• Cruveilhier-Baumgarten murmur
  • Fetor hepaticus
  • Jaundice
  • Asterixis

Signs of ESLD
Constitutional Symptoms
  • Weakness
  • Fatigue
  • Anorexia and Weight Loss.
  • Other general features that may be seen include
  • Low grade fever
  • Pigment gallstones
  • Parotid gland enlargement
  • Diabetes mellitus

Laboratory findings
  • Aminotransferases -AST ALT
  • Alkaline phosphatase
  • Gamma-glutamyl transpeptidase (GGT)
  • Bilirubin
  • Albumin
  • Globulins
  • Serum sodium
  • Hematologic abnormalities
  • - Anemia
  • -Thrombocytopenia
  • -Leukopenia
  • -Neutropenia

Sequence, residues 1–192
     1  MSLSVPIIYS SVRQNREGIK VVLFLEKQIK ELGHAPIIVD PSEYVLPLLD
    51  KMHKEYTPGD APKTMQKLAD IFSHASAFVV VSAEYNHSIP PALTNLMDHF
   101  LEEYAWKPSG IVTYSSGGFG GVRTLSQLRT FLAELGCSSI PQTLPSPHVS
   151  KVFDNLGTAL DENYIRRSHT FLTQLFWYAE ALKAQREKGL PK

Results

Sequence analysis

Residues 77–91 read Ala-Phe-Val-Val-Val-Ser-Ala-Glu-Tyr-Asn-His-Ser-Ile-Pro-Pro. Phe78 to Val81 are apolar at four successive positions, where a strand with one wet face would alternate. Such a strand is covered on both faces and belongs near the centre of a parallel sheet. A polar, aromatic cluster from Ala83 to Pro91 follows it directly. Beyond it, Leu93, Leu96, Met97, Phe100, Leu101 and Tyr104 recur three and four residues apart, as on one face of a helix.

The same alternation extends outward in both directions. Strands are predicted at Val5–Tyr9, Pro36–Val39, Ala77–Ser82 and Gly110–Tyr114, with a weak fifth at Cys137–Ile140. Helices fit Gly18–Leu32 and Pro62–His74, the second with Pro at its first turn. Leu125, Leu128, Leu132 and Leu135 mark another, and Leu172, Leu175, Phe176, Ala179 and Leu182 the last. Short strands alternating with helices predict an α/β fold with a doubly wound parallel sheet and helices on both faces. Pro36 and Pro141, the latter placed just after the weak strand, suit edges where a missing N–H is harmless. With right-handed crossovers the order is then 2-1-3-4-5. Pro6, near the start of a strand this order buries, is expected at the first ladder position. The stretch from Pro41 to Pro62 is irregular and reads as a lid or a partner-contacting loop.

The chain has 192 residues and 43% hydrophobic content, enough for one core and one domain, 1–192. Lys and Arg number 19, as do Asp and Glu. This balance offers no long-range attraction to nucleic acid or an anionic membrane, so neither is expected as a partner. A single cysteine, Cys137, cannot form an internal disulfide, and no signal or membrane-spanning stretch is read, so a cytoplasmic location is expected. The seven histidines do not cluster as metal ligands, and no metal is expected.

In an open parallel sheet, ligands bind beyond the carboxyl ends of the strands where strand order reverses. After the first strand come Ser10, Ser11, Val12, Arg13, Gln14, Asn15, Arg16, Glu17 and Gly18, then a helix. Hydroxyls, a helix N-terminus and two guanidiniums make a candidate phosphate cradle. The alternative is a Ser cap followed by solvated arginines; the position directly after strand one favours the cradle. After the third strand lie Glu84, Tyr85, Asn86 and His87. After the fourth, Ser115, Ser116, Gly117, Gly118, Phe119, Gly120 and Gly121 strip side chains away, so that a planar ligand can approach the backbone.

• -Coagulation defects
  • (PT INR)

  • Ultrasonography
  • "Stiffness" measurement (Fibroscan EchoSens)
  • Computed tomography (CT- Scan)
  • Magnetic resonance imaging (MRI)
  • Nuclear studies

Confirmative Diagnosis
  • The gold standard for diagnosis of cirrhosis is
    liver biopsy, the sensitivity of a liver biopsy
    for cirrhosis ranges from 80 to 100 depending
    on the method used, the size and number of
    specimens obtained.  

Complications of ESLD
  • Malnutrition
  • Encephalopathy
  • Coagulopathy
  • Portal Hypertension
  • Variceal Hemorrhage
  • Pulmonary Hypertension Hepatopulmonary syndrome
  • Hepatorenal Syndrome HRS
  • Spontaneous Bacterial Peritonitis SBP
  • Hyponatremia

Prognostic predictors in ESLD
  • Patients with ESLD can be stratified into
    different categories of risk based on hepatic
    synthetic reserve.
  • Some of the predicting models used in ESLD are -
  • Child's classification.
  • The Maddrey score